Leadership Philosophy

A leadership philosophy is the way we see ourselves as leaders. This philosophy guides our actions, our behaviors, and our thoughts. Our philosophies are influenced by external and internal forces. We can change who we are as leaders by simply changing our philosophy of leadership. Leadership philosophies can change as you grow to understand yourself within the context of leading.

Creating or finding your leadership philosophy means that you must explore and reflect upon your personal values, assumptions, and beliefs about leadership.

Personal values are qualities or characteristics that you value. You would rather leave an organization or step down as a leader than violate your values. Your values guide your intentions and they influence how you lead. When your personal values are clear and you are conscious of them, you create a solid foundation for leading.

Assumptions are ideas that are assumed or believed to be true. As a leader it is important to understand what assumptions fuel your leadership thinking. Often leaders are not aware of the assumptions because they are operating from certain paradigms that will not allow them to see assumptions. Reflection into one’s leadership is an excellent way to uncover assumptions.

Beliefs are ideas that we hold to be true; they shape our realities. If a leader believes that the only individuals in an organization that can make decisions is the management staff, then that belief will influence how the leader treats others. Beliefs can also be unconscious; they are for us a habitual way of thinking and acting that it doesn’t cross our minds that our beliefs may be prohibiting us.

Click here for worksheets to help you identify your values, assumptions, and beliefs for your Leadership Philosophy Statement

Now that you’ve identified your leadership values, uncovered your leadership assumptions, and understand what beliefs guide your leadership thinking, you are now ready to write statements reflecting your leadership philosophy. Statements about your leadership should be written in the present moment not in the future tense. Creating “present moment” statements helps you to internalize and visualize your philosophy as it is happening now, not in the future or the past.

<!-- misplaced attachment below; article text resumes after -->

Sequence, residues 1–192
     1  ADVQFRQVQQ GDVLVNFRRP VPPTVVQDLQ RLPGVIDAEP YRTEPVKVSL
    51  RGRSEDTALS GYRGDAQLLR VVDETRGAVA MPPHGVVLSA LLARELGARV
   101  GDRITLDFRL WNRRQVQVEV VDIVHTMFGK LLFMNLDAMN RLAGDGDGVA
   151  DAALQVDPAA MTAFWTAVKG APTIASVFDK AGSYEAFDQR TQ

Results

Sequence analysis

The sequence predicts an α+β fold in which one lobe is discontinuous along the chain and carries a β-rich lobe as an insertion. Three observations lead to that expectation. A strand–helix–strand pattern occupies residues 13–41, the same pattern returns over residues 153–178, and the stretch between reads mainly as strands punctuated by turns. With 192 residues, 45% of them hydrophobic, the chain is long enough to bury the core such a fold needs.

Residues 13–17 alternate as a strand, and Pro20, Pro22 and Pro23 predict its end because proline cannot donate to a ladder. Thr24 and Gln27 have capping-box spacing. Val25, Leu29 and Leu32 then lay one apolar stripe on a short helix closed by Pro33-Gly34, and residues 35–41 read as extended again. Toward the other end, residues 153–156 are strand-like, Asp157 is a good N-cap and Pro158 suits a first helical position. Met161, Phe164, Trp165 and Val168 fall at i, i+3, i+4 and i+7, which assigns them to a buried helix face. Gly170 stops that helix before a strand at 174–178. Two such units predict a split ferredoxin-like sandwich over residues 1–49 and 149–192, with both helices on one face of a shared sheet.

Part 1: Leadership Values

I cannot achieve everything for my club single-handedly. As a leader, I prioritize balance in my club members lives and schedules so that they can be great students, teachers, mentors, and club leaders as well as have a social and family life. This allows everyone on my team, including myself, to maintain good emotional, physical, and mental health. To reduce the pressure on my team of over-commitment, we work together and with others to collaborate on events and ideas and be inclusive of diverse communities and interests. Finally, I value leaders who themselves are examples of great competency and integrity, and therefore I strive to manifest these qualities within myself as a leader and team member.

Part 2: Leadership Beliefs

A good leader should be approachablecreative, and positiveA capable leader should have a strong work ethic, a good moral compass, and faith in their process. A strong leader is a visionary, catalyst of change, and role model.

As a leader, I strive to enact these characteristics in all aspects of my life. As a club president, as a scientist, as a wife/daughter/sister, and as a global community member, I have a duty to promote diversity in all aspects of my life and promote accessibility to all opportunities for all members of society. Finally, as a human, I strive to acknowledge that I don't know all things and can't understand every emotion or experience in the same way that others do. Remembering these things are foundational to my beliefs as a leader, and serve to remind me of the value in other peoples thoughts, opinions, and experiences.

Part 3: Leadership Philosophy Statement

Being a leader is an act of service. Many qualities are inherent in leadership, but competency and creativity are essential to my leadership philosophy. These qualities build trust in my team about my ability to develop novel solutions. Integrity allows me to acknowledge that not all of my leadership decisions will be perfect, but that I am acting in good faith to reach a common goal and will always strive for ways to improve the path to those goals. Balance and collaboration should be built on these qualities to create a strong team environment where my team can work independently or in conjunction with diverse groups.